It is interesting to make a note of what the great classical economists would make of our society: Smith/Ricardo/Mill/Marx etc would judge only a small fraction of our annual material output "productive". (In Britain, this is currently a figure slightly below 20% - service sector and knowledge labour makes up about 78% of GDP). Automation keeps driving this down, as per the Law of the Tendency of the Rate of Profit to Fall (Marx).

I want to do another post about the counterpart to formal subsumption, called real subsumption, automation and possibly explain the role of money according to Marx's Capital and why the Labour Theory of Value is not what most modern economists think it is :D  









  • Listening to: John Coltrane/Bebop
  • Reading: Negri & Deleuze :D
  • Watching: A beautiful blue sky

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:iconenohoc:
enohoc Featured By Owner Jul 25, 2014  Hobbyist Traditional Artist
Did not hear from you after my last message reply... Any comments?
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:iconbttlrp:
bttlrp Featured By Owner Sep 5, 2014
Sorry for the late reply, but I finally responded :D
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:iconmas2500:
mas2500 Featured By Owner Jun 25, 2014  Hobbyist Digital Artist
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:iconbttlrp:
bttlrp Featured By Owner Sep 8, 2014
What video is that? Sorry, it said it had been taken down :/
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:iconaneirasilvermoon:
Aneirasilvermoon Featured By Owner Jun 21, 2014  Hobbyist Artist
How are you doodling this fine day? :D
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:iconfarand:
farand Featured By Owner May 29, 2014
Your Slavoj Zizek devID picture is epic win! :D
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:iconbttlrp:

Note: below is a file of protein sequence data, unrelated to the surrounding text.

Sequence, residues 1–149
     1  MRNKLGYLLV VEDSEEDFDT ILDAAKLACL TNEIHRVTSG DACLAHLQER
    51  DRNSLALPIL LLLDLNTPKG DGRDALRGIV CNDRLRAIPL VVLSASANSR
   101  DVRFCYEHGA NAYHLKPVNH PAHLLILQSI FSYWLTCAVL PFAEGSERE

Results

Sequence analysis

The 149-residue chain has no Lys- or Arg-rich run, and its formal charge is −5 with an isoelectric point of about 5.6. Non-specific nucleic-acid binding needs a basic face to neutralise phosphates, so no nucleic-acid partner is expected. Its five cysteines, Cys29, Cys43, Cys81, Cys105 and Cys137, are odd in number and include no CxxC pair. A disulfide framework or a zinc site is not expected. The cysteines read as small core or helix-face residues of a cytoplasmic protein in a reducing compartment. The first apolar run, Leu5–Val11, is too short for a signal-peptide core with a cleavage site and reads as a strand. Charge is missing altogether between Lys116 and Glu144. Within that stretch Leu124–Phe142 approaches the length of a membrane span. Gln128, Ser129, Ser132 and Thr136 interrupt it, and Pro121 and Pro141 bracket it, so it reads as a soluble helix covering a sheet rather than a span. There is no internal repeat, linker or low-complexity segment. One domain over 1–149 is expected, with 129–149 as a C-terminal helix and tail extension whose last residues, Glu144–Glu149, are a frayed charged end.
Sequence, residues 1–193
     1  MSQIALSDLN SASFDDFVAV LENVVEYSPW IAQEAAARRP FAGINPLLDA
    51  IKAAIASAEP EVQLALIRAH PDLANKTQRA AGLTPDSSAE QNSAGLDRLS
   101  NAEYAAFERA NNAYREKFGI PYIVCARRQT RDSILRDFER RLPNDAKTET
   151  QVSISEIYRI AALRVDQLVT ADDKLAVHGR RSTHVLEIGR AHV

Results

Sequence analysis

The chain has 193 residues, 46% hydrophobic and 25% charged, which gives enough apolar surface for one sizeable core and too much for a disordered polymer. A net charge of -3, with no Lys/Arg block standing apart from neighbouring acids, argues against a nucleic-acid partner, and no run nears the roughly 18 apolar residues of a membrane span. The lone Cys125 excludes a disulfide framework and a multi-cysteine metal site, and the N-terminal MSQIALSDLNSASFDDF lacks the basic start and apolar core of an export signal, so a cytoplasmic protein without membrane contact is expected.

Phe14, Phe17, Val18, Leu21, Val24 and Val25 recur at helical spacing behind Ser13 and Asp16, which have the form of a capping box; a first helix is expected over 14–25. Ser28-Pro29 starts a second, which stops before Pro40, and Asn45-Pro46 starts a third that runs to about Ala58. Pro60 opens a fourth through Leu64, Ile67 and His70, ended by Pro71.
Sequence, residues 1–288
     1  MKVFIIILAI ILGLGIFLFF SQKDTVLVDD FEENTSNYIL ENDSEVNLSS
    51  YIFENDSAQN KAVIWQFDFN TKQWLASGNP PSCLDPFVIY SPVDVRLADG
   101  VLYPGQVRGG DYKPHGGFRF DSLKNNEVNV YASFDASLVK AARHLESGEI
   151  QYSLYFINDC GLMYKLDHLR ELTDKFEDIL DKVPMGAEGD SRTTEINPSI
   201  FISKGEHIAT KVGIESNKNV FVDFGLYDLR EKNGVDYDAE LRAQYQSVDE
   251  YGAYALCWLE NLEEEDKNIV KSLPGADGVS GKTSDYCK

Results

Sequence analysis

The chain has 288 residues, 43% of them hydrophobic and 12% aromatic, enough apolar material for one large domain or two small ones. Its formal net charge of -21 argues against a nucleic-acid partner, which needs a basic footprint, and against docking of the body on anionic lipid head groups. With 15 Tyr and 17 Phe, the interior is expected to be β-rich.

bttlrp Featured By Owner May 29, 2014
Thanks brother, I love him!!
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:iconfarand:
farand Featured By Owner May 29, 2014
Indeed, Comrade! :salute:
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:iconexodvs:
Exodvs Featured By Owner May 28, 2014  Hobbyist Filmographer
Do you have any recommendations for market socialist or mutualist literature? Both of those ideas have piqued my curiosity.
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:iconbttlrp:
bttlrp Featured By Owner Edited Sep 5, 2014
There are some guys who write for mises.org, but the best places to check are the Bleeding Heart Libertarians blog: bleedingheartlibertarians.com/ the Center for a Stateless Society: c4ss.org/

And the blogs of my favourite guys, Roderick Long aaeblog.com/ and Kevin Carson mutualist.blogspot.co.uk/

Carson in particular has done some fantastic theoretical work on political economy, capitalism and anarchism synthesising Locke/Marx/Rothbard/Proudhon and others. His books are all free online (links on the latter website) and are quite long, but absolutely worth a close study. In particular, "Studies in Mutualist Political Economy" is one of the best and most original books written in recent decades on market economics and theories of value. I could summarise it if you want, because it's quite a hefty read.

He's also written a book on a "New" Industrial revolution based on artisan production through 3D printing, and how it could be possible to organise federations of small producers without the state or its monopolies. He borrows a lot from Proudhon, Tucker and American 19th century anarchism and a lot of these ideas have gone ignored for way too long! 

www.mutualist.org/id47.html